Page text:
The only thing worse than Wigan being relegated is that it means it must be the end of the football season with no more matches until August. That can only mean one thing – cricket! I’m not the world’s biggest cricket fan, mainly because I’m bobbins at it, but it’s a sport and it’s therefore something to watch during the school holidays and pass the time until the football season starts again. Here are my 5 notable cricketers. I’ll spot-bet you two Pakistani no-balls in the sixth over that your five are not the same as mine.
Frank Hayes – as a kid, summer holidays were mainly spent playing cricket on the nearby Mornington Road school field. The games were usually one-on-one games between myself and Anthony Walsh, and you batted until you were out. An innings of 800+ wasn’t rare as your opponent obviously had to field his own bowling. So, if he didn’t clean bowl you or catch you, he would be off around the field fagging you late cuts and imperious cover drives. That became very tiring for the fielder and winning the toss first thing in the morning was therefore a crucial factor in determining whether you were likely to have a good or a bad day. In that long, hot summer of 1976 for example, we were both very appreciative of the assistance provided by our border collie, Shandy (in the picture left, the kid is my nephew), who was a very willing fielder for both sides. I was a Lancashire fan at the time and would vary my allegiance between Frank Hayes, Farouk Engineer and Clive Lloyd as I envisaged striding out to bat on that hallowed Old Trafford strip. Regularly changing your persona helped you keep your focus through those marathon innings.
David Gower – In football terms, I have always preferred those creative midfield types like Zinedine Zidane, Glenn Hoddle and Jordi Gomez. They always seemed to be the cooler, sexier players. In cricketing terms, I believe this role to be fulfilled by the middle order batsmen. They are invariably full of flair, all flowing locks and flashing blades. They are the D’Artagnan’s of the cricketing fraternity. When I was growing up there were many candidate members of this club including, but not limited to, Allan Lamb, Robin Smith, Viv Richards and Neil Fairbrother. But for me, the daddy of them all was Gower. A posh nob who, had he been any more laid back, would have been horizontal. You’ve got to love an England captain who, during a run-of-the-mill tour game in Australia, relieved the boredom by hiring a bi-plane to buzz over the ground and water-bomb the England batsmen out in the middle. Quite literally, top bombing.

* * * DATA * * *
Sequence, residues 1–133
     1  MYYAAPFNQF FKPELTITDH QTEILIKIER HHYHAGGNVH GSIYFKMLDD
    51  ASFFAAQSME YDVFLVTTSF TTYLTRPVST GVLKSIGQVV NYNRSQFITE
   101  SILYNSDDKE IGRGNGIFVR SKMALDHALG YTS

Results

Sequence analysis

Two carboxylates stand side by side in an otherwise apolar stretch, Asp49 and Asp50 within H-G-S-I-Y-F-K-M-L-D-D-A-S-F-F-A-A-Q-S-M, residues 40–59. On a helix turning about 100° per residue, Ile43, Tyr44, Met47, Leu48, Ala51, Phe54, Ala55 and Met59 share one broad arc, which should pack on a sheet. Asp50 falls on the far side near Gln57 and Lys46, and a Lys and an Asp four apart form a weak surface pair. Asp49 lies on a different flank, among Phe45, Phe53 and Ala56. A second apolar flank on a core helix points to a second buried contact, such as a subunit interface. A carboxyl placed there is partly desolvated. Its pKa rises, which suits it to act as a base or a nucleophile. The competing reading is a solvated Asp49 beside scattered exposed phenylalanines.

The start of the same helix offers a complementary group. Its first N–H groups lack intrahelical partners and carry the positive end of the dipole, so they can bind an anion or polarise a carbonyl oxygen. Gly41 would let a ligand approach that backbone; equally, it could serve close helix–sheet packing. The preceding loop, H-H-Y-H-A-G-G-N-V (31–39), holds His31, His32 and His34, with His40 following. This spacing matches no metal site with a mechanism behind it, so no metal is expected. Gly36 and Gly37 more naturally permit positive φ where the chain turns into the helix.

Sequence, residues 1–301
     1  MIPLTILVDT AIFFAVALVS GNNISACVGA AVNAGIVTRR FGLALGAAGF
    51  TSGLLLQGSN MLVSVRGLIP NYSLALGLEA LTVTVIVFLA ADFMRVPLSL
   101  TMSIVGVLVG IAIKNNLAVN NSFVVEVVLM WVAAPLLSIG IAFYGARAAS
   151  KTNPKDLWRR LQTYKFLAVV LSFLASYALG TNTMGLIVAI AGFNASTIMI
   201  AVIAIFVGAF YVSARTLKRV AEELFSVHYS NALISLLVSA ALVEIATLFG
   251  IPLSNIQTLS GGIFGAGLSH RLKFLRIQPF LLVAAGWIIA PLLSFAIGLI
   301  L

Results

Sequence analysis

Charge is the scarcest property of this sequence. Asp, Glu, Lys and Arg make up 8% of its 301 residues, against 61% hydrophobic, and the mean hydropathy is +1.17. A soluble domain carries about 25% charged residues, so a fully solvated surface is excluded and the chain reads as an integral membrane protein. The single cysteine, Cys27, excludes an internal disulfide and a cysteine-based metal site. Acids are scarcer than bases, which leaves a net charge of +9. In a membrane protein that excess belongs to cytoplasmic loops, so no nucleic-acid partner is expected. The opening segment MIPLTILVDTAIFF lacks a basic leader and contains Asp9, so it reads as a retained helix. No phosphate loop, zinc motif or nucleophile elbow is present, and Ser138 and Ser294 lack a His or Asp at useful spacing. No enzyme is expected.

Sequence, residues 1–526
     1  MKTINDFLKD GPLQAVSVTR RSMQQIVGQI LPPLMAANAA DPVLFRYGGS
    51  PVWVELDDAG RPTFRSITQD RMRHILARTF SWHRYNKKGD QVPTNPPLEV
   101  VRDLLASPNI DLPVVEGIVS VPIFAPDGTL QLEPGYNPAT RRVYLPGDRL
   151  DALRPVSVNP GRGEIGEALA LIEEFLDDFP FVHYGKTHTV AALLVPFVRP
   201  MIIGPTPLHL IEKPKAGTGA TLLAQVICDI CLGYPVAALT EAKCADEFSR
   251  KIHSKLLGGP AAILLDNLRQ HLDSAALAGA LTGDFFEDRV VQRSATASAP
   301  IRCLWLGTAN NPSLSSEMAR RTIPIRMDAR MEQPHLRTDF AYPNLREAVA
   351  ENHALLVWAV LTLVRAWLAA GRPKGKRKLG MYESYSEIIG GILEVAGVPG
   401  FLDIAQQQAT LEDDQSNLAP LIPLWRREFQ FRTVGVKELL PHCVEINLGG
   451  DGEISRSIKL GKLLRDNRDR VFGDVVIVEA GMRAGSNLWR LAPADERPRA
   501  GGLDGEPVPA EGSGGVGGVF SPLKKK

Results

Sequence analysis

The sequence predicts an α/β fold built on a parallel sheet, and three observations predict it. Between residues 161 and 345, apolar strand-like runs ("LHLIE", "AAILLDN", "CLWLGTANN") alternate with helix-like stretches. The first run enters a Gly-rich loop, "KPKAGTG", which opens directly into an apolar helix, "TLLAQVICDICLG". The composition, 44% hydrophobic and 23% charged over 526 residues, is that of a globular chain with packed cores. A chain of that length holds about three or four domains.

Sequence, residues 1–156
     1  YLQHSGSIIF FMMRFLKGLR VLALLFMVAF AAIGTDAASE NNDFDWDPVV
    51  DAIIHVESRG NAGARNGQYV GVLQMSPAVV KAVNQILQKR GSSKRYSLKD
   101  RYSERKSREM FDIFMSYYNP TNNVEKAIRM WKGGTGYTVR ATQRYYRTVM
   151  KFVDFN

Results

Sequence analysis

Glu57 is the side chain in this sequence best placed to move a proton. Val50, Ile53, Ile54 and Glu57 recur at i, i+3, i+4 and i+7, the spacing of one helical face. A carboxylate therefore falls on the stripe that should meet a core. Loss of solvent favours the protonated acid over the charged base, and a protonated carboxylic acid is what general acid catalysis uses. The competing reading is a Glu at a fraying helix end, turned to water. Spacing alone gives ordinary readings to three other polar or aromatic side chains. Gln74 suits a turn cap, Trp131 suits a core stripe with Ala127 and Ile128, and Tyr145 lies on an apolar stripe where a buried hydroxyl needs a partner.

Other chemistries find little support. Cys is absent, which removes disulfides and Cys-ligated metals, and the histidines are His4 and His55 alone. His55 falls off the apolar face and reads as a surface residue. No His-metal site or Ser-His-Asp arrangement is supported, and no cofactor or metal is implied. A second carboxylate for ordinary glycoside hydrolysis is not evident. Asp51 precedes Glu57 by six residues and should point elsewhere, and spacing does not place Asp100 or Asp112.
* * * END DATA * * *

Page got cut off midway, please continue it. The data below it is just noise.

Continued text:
Otto Brandes – In football, and indeed most sports, there is a definite advantage to be gained from deploying mind games, the act of verbally winding up the opposition to the point of distraction. Cricket has elevated this to an art from and has even created a term for it; sledging. There are probably enough legendary sledging stories – usually involving Australians – to fill a whole blog in its own right, but my favourite concerns Otto Brandes. No, I’d never heard of him either. Brandes, a rather portly lower-order South African batsman, was struggling against Glenn McGrath who attempted to crank up the heat by asking Brandes why he was so fat. In the midst of the pressure-cooker atmosphere of facing one of the world’s best bowlers, Brandes still had the presence of mind to reply, quick as a flash, “… because every time I f*** your wife, she gives me a biscuit.” Genius!
David Boon – I find it difficult to give any credit to any Australian really. It’s quite apt that their land is referred to as Down Under as most of them have their heads rammed right up their arses most of the time. However, David Boon sneaks into this list for a couple of reasons. Boon was one of those middle-order batsmen I mentioned earlier, but he was a bit more rough and ready than the fancy-Dan David Gower-types. I was having breakfast in the Gifford Hotel in Worcester many years ago and a guy on the table opposite had one of the daily broadsheets open. As he had the paper held up in front of him, I didn’t feel too cheeky reading the back page as he read the inside pages. The lead story was about David Boon who had scored a brilliant century the day before for the Aussies against Worcester. The man eventually lowered his paper to reveal himself as none other than… David Boon! I was impressed with his modesty. Had that been me I would have been unable to resist the temptation to run around the restaurant showing everyone my photo alongside the story. Boon also allegedly holds the record for drinking the most beer on an Ashes tour, Sydney to London flight. He apparently necked 52 cans of the amber nectar on the way over. For that reason alone, he would have made the list.
Sir Ian Botham – how could a list of top swash-buckling, Aussie-hating, beer-swigging cricketing heroes not include the idol that is Sir Ian Botham? The way he single-handedly (with a little help from Bob Willis and Graham Dilley) defeated the Aussies in 1981 was the stuff of epic legend. The fact that he hated the Aussies with a passion, and liked a beer or two just as fervently, merely adds to his stock. I would like to highlight one of many stories on each of these two topics in support of his nomination to this list. Firstly, on arrival in Sydney for an Ashes tour, an immigration official asked him if he had a criminal record. Botham replied dryly that he was very sorry, but he hadn’t realised a criminal record was still a pre-requisite for entry into Australia. Secondly, during a New Zealand tour match, Botham was sleeping off a heavy night’s drinking in the dressing room when he was woken to go into bat. He made it twenty yards short of the wicket before the twelfth man caught up with him and gave him a bat, which they thought may have come in useful. And we haven’t even mentioned his heroic charity walks. Top man!
Enjoy the rain – Griff